It’s St. Patrick’s Day! And let’s face it, while the world is supposed to be cherishing the memory of the Saint who drove the snakes from Ireland, most of us choose to spend the 17th March downing pints and sinking shots. So after Guitar Planet celebrated Ireland’s greatest guitarists in 2011, we’ve decided 2012 is the year to pick out 15 of the finest songs about alcohol and drinking.
Over the years practically every guitar great from Johnny Lee Hooker (One Bourbon, One Scotch, One Beer) and BB King (Sloppy Drunk) to Van Halen (Bottoms Up!) and Pearl Jam (Crazy Mary) have taken a stab at delivering an alcohol-fuelled anthem. However, there’s more than one way to write a classic ode to the bottle. There are carefree drinking songs, dark cautionary tales, and some tracks that occupy a murky middle ground.
Therefore, to ensure we celebrate the true breadth of the drinking song oeuvre, Guitar Planet has split our top 15 into three sub categories, and we start with the…
Nightrain: At the height of their powers there was no duo more perfectly suited to one another than Slash and Axl Rose. On this heavy drinking anthem from debut album Appetite For Destruction, Axl’s vocal soars as Slash’s chords crash and drive, making “Nightrain” one of the most irresistible adrenaline rushes in hard rock history.
Lyrically, the track and album paint a dark portrait of the depraved streets of Los Angeles full to the brim with hopeless addicts and pitiful violence. The subjects are often debauched but Axl and Slash successfully capture and revel in the gloriously fleeting thrill of the moment.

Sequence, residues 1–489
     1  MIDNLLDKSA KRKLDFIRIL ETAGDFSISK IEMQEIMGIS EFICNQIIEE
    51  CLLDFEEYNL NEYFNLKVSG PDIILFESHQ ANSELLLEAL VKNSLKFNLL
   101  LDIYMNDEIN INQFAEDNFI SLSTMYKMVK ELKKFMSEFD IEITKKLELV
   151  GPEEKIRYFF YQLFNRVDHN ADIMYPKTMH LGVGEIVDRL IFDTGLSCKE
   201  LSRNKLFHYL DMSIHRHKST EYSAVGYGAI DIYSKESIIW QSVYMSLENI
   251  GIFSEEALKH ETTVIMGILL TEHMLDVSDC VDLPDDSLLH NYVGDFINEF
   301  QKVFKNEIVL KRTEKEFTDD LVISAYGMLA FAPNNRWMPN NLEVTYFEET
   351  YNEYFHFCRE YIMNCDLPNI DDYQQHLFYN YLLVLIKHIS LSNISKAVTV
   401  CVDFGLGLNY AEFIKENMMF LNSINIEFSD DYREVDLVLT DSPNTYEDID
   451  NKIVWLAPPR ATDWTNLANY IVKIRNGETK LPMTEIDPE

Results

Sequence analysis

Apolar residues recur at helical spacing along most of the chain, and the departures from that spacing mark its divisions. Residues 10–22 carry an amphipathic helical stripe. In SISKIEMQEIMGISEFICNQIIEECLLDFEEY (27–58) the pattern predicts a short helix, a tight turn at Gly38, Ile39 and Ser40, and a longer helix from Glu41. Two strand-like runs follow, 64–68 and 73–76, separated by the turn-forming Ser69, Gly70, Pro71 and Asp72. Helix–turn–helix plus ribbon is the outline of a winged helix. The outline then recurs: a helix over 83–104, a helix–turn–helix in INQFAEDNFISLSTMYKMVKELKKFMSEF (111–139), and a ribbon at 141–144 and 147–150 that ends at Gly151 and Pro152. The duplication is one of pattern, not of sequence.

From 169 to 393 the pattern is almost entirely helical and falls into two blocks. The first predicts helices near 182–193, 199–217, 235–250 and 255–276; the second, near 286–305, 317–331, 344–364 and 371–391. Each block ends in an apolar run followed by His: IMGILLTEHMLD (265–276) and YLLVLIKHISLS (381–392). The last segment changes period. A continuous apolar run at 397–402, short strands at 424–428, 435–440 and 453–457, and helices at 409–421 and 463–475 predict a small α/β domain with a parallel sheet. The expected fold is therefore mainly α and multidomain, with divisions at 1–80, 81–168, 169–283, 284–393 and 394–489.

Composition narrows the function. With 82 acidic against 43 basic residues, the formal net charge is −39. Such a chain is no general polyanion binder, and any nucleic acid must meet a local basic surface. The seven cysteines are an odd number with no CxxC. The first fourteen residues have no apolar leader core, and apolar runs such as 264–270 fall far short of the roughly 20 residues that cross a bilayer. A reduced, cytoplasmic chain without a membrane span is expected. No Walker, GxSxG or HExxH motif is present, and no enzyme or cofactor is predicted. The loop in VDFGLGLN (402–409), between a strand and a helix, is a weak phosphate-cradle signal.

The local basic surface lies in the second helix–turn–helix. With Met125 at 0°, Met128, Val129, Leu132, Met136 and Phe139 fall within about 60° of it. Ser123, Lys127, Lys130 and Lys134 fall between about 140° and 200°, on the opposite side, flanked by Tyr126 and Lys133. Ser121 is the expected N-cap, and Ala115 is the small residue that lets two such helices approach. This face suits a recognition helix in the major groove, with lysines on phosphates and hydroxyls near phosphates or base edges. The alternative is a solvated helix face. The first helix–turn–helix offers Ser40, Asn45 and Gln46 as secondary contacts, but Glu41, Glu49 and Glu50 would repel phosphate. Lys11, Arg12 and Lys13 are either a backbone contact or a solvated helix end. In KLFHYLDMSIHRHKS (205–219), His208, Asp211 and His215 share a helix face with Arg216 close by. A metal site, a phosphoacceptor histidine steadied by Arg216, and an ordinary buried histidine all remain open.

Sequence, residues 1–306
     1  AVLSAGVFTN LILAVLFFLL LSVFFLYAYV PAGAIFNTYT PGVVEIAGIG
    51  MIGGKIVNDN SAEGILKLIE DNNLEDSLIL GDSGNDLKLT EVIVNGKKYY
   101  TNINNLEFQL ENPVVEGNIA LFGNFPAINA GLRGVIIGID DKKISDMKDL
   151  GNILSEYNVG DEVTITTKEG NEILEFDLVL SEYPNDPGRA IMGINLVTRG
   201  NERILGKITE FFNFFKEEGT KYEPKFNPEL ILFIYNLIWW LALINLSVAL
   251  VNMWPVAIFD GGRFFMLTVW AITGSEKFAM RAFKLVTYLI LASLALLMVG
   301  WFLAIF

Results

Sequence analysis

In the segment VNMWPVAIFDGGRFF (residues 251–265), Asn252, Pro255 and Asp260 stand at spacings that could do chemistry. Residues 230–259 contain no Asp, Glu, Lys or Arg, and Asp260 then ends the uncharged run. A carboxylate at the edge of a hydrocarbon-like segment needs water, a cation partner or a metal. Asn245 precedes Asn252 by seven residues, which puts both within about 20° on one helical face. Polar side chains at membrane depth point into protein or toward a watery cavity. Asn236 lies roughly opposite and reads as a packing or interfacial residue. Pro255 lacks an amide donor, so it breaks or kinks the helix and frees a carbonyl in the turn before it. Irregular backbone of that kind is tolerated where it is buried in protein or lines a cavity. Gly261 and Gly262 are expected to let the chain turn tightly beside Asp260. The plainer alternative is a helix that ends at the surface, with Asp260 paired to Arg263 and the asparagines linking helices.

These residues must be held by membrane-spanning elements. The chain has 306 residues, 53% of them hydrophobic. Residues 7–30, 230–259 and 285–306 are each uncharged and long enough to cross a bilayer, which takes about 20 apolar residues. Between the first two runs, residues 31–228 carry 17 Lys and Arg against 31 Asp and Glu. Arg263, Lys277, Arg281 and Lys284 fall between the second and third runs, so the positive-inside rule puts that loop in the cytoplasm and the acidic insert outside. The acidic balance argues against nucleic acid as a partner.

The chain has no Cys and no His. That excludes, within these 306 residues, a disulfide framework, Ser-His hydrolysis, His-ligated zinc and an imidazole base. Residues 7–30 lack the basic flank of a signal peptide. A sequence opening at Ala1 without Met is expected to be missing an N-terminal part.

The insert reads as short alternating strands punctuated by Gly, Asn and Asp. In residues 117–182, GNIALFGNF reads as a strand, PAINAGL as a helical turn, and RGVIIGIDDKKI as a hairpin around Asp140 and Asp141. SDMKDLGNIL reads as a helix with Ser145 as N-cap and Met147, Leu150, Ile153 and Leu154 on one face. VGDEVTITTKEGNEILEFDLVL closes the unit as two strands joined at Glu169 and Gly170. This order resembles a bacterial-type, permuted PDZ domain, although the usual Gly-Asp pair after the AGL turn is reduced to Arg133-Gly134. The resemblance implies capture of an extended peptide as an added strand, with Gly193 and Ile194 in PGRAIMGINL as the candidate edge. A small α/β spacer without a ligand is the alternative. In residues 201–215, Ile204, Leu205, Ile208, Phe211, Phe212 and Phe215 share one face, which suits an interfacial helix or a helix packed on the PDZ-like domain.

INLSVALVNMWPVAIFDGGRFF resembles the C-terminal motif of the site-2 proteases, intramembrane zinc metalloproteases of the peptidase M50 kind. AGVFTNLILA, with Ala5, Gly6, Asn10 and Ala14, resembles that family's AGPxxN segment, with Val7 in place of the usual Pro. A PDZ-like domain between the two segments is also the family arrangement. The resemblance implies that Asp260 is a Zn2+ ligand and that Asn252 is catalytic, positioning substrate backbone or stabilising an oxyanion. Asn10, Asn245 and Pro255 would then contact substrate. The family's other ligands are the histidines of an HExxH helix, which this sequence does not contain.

Have A Drink On Me: You can trust AC/DC not to pass judgment. On this typically monolithic rocker Brian Johnson and Angus Young promise only two things: they’re going to drink until they’re sodden and there’s going to be a fight tonight. Or in their words:“Come On Have A Good Time, And Get Blinded Out Of Your Mind/ So Don’t Worry About Tomorrow, Take It Today”
Drunk Girls: When most people think LCD Soundsystem they imagine immaculate electronics and weary mid-life crisis insights however, on “Drunk Girls” James Murphy embraces the guitar and tales of drunken lunacy. Aside from the track’s brilliant Bowie inspired solo, “Drunk Girls” is essentially three minutes of quick fire witticisms. Everyone will have their own favourites, but here are two of mine:
“Drunk Girls would like a night of simplicity, they need a lover who’s smarter than me”
“Drunk Girls know that love is an astronaut, it comes back but it’s never the same”
Cigarettes And Alcohol: Definitely Maybe, Oasis’ debut and defining statement, was an escapist masterpiece. A rallying cry record for anyone who wanted to swap their 9-to-5 and their inner city flat for the life of a rock’n’roll star. While encouraging everyone to “make it happen”, “Cigarettes And Alcohol” offered more immediate motivation and a quick fix in the form of a stiff drink and a pack of fags.